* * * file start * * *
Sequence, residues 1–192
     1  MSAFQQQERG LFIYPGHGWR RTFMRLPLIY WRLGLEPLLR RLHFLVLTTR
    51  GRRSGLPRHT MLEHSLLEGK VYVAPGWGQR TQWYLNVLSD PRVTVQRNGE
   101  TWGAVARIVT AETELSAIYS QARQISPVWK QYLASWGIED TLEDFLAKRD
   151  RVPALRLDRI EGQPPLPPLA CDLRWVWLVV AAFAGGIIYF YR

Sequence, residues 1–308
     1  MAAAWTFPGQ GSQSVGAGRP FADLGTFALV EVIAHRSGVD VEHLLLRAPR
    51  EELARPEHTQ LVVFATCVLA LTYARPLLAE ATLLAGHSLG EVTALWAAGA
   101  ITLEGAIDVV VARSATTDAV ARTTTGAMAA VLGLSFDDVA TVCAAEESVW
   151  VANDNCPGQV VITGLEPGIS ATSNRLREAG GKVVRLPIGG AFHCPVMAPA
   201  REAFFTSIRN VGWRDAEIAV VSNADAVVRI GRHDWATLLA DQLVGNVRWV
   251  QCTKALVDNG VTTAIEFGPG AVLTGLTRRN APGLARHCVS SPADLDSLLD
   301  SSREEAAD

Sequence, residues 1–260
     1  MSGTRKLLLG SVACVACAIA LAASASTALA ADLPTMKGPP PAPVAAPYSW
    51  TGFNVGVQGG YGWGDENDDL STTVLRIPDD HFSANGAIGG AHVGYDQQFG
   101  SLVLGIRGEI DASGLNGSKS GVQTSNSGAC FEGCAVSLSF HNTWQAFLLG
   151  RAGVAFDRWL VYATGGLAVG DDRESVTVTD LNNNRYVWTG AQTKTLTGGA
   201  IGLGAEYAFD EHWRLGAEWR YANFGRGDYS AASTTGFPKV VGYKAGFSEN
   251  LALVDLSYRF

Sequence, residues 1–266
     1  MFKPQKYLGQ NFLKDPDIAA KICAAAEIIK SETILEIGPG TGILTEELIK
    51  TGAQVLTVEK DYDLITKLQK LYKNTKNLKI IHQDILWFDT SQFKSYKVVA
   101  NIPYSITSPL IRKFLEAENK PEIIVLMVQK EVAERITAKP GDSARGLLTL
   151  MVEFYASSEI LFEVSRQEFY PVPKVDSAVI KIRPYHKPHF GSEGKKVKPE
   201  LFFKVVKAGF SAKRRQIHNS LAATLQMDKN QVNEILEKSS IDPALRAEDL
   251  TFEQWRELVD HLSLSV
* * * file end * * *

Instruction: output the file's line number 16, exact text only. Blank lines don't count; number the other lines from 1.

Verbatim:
    51  TGFNVGVQGG YGWGDENDDL STTVLRIPDD HFSANGAIGG AHVGYDQQFG